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    2nd June 2000
    Estuary Web Surfing

    Voluntary Wardens needed at Gronant
    Latest Bird Counts
    May Bird News
    Forthcoming Events
    Latest Newsletter

Estuary Web Surfing 

  Man did not weave the web of life.
He is merely a strand in it.
Whatever he does to the web he does to himself.
Chief Sealth
  PLEASE NOTE: All the links were working when this article was written. They may not be working now!

So starts the Wollochet Bay Estuary Project web site, a particularly good example of an Estuary web site, the estuary in this case is on the west coast of the USA in the state of Washington. 

There are many good web sites about birding, some of which are on my links page,  but web sites dedicated to estuaries alone are much rarer. I therefore thought it would be interesting to do a search and review some of the best ones that came up.

Starting here on the Dee is the Dee Estuary Strategy. To quote -  "The Dee Estuary Strategy is a coastal zone management initiative which seeks to balance the competing demands and uses of the area. The Strategy is a public / private partnership supported by over 85 organisations." The Web site gives a list of many reports and projects pertinent to the Dee and also contains some interesting articles including "A Changing Coast" by Dr Alan Jemmett and "A Coastal Footpath for the Dee" by Bernie McLinden. Also close to home but taking a noticeable lighter tone is the Mersey Strategy which includes a quiz on "How much do you know about the Mersey Estuary?" and "Can you complete our Jigsaw to reveal a familiar River scene?". One of the biggest estuaries in the UK is Morecambe Bay and the Birds of Sunderland Point covers the southern area of the bay including the Lune Estuary. It's a comprehensive site including maps and bird counts.

A search on any subject almost guarantees a plethora of American sites and this one was no different. Two  Web sites cover the whole of the United States, the National Estuary Program is government sponsored and covers 28 estuaries. The Restore America's Estuaries is much more of a citizen driven scheme and is a national coalition of 11 regional, coastal community-based environmental organizations with a combined membership of over 250,000 people.

The American sites are too numerous to go into detail but a particular favourite is Explore the Estuary Live from North Carolina. Every few months there is a live net broadcast of a field trip accompanied by an expert naturalist. But the page I like the most on this site is "What is an Estuary", a most interesting and informative non-technical description accompanied by some delightful illustrations.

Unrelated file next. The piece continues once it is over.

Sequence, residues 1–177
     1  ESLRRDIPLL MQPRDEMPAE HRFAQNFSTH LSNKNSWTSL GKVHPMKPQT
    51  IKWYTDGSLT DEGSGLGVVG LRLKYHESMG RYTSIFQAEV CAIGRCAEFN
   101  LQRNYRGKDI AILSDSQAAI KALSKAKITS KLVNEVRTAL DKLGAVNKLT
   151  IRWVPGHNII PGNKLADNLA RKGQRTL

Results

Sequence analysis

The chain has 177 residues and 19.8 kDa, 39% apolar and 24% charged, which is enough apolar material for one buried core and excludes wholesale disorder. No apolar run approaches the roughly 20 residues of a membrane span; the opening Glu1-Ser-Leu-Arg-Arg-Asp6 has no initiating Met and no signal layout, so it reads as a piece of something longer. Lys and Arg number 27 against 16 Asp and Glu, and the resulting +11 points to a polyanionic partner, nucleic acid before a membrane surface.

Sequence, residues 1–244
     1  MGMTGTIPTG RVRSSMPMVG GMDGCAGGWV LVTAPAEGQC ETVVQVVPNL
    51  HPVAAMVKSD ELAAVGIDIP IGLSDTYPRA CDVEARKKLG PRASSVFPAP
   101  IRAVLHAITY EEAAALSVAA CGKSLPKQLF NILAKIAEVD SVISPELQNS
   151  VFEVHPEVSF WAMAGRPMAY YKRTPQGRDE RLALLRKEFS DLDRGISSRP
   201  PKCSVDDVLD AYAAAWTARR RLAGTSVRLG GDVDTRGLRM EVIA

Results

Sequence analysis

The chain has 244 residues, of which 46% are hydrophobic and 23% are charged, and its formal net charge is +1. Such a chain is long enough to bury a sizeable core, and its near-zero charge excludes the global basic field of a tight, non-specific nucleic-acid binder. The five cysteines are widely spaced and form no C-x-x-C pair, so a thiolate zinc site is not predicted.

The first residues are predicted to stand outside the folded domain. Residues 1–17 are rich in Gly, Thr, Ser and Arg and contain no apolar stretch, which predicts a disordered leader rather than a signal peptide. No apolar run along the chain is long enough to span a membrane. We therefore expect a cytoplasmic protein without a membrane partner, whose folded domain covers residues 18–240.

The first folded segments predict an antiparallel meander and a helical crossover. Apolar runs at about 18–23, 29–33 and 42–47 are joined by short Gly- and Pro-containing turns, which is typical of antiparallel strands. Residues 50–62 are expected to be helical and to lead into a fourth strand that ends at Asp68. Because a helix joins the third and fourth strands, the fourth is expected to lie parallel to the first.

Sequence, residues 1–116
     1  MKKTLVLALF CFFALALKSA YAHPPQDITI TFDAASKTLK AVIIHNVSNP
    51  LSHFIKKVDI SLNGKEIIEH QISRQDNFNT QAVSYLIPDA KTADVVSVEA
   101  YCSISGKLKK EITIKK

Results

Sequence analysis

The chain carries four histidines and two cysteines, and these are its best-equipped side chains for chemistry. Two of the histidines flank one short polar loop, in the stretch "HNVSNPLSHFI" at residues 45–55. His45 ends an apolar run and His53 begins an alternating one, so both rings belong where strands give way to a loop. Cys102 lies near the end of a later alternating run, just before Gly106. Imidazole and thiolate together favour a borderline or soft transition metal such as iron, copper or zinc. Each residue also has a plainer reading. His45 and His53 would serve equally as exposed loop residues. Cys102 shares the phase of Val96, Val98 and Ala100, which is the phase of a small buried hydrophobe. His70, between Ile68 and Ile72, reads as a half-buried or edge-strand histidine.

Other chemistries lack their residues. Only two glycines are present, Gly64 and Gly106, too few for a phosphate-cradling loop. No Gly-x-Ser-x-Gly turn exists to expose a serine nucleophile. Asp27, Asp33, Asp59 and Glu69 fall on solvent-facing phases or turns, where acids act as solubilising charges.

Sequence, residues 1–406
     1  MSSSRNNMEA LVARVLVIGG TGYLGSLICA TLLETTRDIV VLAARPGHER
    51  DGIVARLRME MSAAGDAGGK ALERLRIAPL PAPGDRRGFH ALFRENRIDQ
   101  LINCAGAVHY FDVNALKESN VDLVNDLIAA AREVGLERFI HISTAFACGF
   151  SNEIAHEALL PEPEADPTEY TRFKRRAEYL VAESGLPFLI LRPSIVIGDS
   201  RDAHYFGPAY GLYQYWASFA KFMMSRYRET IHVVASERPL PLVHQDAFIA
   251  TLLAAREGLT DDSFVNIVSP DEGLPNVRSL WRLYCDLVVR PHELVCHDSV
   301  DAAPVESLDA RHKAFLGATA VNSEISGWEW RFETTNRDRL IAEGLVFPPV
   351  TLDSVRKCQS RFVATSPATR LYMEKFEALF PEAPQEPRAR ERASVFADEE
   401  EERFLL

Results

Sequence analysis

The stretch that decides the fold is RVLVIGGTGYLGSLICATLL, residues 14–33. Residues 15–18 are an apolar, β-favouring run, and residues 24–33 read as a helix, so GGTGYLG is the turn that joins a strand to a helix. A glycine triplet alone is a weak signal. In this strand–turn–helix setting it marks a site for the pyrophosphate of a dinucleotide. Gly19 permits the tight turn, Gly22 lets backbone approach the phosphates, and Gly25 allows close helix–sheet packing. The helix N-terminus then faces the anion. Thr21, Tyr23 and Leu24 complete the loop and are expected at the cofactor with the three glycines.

Elsewhere in the world web sites about estuaries are far more difficult to find. One that took my fancy was the St Lucia Game Reserve from South Africa. Instead of detailing the number of wading birds visiting the estuary this one concentrates on the number of Buffalo, Hippo, Crocodile and antelope!

Australia has a number of good sites including one about the beautiful Swan River Estuary running through Perth and also the Derwent Estuary in Tasmania. Australia is interesting because they get the peak number of shore-birds in their summer, these are the birds which breed in the far north in our northern summer. Birds include the tiny red-necked Stint, only weighing 30-40 grams, yet flies all the way from Siberia.

My last site is from France. Most of you will have heard of John-James (or Jean-Jacques) Audubon, the famous 19th Century American ornithologist. But did you know he has a marsh named after him in the mouth of the Loire? The web site describes both the 2,000 hectare marsh, which is an excellent estuarine nature reserve including 230 species of birds, and also gives the history of Audubon who spent his boyhood summer holidays in the area.


Voluntary Wardens needed at Gronant

Those of you who have visited the Welsh Shore page will already know of Gronant on the North Wales coast between Point of Ayr and Prestatyn, and some of you may actually have been there. It is a beautiful wild area of sand dunes, marsh and beach. In the summer it holds the only Little Tern colony in Wales and the RSPB are appealing for voluntary wardens to help protect it. This will involve looking out for predators, especially crows, gulls and foxes, stopping holidaymakers and their dogs from walking through the colony and chatting to any interested passer by about the birds.

I've just volunteered so you might see me! The wardens will be required from end of May to beginning August.

If you're interested ring the RSPB at 0151 336 7681, mention this web site if you wish - I know they would be interested to know if this appeal is successful. 

Bird Counts

Inner Marsh Farm  
7th May: Mauritanian Spoonbill, Cuckoo 1, Common Tern 2, Black Tern 2, Gadwall 7, Little Gull 1, Black-tailed Godwit 60, Dunlin 22, Little Ringed Plover 2, Ruff 1, Curlew Sandpiper 1, Garganey 2, Ruddy Shelduck 1, Whimbrel 1, Ringed Plover 3. Several pair of Tufted duck and Shelduck also present.

Wetland Bird Survey Count for Heswall Shore - (Kindly provided by the Wirral Ranger Service). 7th May.
Cormorant 2, Grey Heron 2, Shelduck 65, Mallard 5, Oystercatcher 680,Ringed Plover 3, Dunlin 20, Whimbrel 19, Curlew 150, Common Sandpiper 1.